WIA 2010 - Dovetails
The dovetail competition at the Hand Tool Olympics during WIA is always fun. The competitors run the gamut from skilled woodworkers to those who have never cut a dovetail before. For those who have never cut a dovetail before we guide them through making the joint and show them how it is done. For those who know how to cut dovetails we sometimes challenge them to a “throw down”, a head to head competition. These head to heads are usually accompanied with lots of humorous trash talk and posturing.
A happy first time dovetailer
At St. Charles WIA a skilled woodworker came through the booth that had never cut a dovetail before. Brian Boggs is a talented chair maker and he knows his way around woodworking tools. As a chair-maker he had never had cause to cut a dovetail so had never made the joint. It was interesting showing him how to cut a dovetail because he was the first person I had worked with whom I didn't have to show how to saw and chisel as well as cut a dovetail all at once. Because he already had the requisite skills he progressed rapidly, his first joint took him 11 minutes and 16 seconds and was fairly tight. His second joint took him 7 minutes and 50 seconds and was very clean. He had to run off after the second joint as he was a presenter and needed to get to his next session but I am pretty sure his next joint would have been in the 4 minute realm.
In Covington other luminaries passed through the booth. Here I am giving a dovetail “lesson” to instructor Eric Matson from the University of the Rio Grande. There appears to be a great group of people at the University, these two guys were certainly good sports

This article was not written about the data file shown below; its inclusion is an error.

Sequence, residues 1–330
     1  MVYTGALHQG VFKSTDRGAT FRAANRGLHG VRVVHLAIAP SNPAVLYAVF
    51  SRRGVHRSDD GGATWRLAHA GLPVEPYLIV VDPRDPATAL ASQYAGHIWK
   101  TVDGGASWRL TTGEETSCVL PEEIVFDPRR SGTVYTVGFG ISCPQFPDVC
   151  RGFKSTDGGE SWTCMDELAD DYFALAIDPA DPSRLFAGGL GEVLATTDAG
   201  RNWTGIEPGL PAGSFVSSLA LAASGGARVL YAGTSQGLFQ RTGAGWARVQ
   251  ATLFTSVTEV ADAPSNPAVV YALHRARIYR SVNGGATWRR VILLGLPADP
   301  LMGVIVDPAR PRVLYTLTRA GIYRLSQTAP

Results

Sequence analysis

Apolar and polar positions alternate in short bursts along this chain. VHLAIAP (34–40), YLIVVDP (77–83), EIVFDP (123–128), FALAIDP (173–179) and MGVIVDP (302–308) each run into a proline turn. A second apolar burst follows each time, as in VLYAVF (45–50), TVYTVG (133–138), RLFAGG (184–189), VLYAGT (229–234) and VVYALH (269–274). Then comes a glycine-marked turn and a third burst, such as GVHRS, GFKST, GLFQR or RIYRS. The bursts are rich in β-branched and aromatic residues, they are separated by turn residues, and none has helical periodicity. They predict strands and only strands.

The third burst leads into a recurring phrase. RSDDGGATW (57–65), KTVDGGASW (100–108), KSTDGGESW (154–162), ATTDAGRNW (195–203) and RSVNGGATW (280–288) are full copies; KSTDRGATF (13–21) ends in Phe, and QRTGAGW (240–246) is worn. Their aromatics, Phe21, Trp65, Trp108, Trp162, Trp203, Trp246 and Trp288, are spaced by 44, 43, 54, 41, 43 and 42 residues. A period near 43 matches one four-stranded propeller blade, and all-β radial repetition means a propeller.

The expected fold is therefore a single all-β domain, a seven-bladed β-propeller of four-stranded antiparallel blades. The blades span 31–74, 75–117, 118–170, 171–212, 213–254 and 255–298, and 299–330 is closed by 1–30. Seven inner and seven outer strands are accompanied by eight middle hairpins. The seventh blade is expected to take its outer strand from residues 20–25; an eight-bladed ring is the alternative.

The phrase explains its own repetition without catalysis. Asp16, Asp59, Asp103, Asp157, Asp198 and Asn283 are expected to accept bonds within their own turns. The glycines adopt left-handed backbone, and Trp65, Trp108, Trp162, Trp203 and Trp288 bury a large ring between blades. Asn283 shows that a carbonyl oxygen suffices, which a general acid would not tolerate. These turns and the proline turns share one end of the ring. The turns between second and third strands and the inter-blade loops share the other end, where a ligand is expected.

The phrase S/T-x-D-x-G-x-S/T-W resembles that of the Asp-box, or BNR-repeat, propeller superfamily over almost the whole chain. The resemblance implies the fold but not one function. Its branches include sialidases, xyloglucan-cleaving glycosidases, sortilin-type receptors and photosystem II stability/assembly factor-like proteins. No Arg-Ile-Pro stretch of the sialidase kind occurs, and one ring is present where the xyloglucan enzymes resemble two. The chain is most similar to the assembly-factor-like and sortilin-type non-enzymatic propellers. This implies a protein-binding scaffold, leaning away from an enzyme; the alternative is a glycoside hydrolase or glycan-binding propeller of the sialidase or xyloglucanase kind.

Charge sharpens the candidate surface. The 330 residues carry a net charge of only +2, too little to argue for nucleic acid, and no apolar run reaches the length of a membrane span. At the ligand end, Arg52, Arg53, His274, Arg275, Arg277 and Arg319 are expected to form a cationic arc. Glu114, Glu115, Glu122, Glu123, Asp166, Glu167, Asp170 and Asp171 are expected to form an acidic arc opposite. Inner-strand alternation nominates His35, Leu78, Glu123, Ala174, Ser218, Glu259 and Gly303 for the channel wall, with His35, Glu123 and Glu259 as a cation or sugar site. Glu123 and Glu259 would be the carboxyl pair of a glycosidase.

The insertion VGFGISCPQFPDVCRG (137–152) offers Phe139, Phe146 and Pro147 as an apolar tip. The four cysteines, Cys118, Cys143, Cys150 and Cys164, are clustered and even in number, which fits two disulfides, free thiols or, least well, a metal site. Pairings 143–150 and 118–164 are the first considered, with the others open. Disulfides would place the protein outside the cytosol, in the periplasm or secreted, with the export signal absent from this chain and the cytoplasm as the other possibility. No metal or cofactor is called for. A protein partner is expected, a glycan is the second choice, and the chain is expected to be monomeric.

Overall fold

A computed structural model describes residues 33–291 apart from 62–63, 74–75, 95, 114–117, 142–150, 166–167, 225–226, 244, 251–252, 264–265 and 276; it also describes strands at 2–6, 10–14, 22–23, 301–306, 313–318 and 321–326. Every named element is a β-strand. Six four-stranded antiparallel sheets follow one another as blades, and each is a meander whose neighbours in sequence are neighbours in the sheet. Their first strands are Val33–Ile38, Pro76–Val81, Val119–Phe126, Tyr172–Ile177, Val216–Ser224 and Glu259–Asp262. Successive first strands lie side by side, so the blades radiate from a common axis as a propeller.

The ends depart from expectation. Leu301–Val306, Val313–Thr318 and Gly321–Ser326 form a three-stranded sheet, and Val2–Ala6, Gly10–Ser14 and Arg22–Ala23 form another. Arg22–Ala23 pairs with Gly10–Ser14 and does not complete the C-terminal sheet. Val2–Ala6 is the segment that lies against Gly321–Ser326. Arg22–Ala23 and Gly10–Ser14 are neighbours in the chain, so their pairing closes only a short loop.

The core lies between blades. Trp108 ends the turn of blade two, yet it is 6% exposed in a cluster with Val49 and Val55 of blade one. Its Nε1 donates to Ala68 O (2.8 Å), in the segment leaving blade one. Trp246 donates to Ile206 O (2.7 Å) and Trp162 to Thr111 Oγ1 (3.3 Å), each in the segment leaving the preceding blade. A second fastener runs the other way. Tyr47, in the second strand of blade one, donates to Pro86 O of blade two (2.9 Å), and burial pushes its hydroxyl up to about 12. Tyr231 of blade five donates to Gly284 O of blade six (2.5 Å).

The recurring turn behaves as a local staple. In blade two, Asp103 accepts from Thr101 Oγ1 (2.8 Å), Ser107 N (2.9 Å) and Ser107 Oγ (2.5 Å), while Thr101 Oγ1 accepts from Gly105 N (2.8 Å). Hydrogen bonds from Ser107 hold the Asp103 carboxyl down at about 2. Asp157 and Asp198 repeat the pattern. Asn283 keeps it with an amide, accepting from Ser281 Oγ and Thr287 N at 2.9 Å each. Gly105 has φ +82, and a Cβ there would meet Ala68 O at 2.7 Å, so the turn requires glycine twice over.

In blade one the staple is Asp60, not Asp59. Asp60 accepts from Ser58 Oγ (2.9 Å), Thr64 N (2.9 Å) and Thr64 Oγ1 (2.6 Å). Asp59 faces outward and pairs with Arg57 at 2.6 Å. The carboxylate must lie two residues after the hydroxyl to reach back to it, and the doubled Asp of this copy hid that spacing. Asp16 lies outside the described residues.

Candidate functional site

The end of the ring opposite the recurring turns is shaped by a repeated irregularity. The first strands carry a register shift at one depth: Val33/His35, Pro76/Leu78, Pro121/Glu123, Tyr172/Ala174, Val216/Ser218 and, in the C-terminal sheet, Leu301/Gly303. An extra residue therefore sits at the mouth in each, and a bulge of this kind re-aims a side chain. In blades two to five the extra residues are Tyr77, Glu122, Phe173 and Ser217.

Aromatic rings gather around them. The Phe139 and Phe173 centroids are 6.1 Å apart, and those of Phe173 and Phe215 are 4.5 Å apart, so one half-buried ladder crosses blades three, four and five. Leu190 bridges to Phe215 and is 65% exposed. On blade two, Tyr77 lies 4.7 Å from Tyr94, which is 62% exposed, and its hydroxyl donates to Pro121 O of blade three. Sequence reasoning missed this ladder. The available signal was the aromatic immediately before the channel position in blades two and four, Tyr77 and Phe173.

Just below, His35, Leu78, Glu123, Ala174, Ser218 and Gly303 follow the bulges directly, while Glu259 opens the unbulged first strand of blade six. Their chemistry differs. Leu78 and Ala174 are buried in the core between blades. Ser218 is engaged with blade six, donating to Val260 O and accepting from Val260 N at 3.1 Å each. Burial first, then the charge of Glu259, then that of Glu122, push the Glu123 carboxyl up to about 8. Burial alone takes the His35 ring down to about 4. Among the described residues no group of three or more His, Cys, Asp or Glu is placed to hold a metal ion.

On the Rio Grande
In the “You never who is going to show up” category, we had a visit from woodworker extrodinaire Frank Klausz. What a great guy and fine gentleman he is. Frank was willing to go head to head so I gave him the run down on the Olympics. We use the tools we are given (in this case some fine dovetail saws by Klaus and Pedder and chisels by JCP toolworks) The only chisel you get is ½ inch wide so you need to plan for this. Frank makes those big dovetails so this wasn't a problem. We both work at the same bench so it moves a bit. I describe it as more like rodeo than woodworking. The timer yelled go and when the dust cleared Frank had finished his dovetail in under 3 minutes while I brought up the rear with a time of 3:11.
When we got out the cards to judge the dovetails Frank said I hadn't told him anything about cards and scoring so he sawed the end off of his dovetail and wanted to go again. This time I finished ahead of Frank with a time of 3:48 while Frank came in at 4:12. This was great fun with a lot of heckling from the peanut gallery.
Head to Head with Frank and Mike
My friend and chief heckler Chuck Bender than stepped up to give it a go. Since he was cutting his dovetail alone Frank was glad to shake the bench for him to keep it fair. Chuck came in with a time of 3:17.
Four sets of fairly fast dovetails, 3:11, 3:17, 3:48, 4:12
I called out Rob Cosman who was also working at the show. I was afraid he might be too much of a Prima Dona to show up but to his credit he did. I was glad to learn that he is pretty much a regular guy. Unfortunately it was after we had shut down and given most of the tools away so we will have to save that showdown for another day! Keep practicing Rob! The rest of you keep practicing too and, no matter your skill level, stop by for some good fun and camaraderie. The key to the whole thing is not taking yourself too seriously.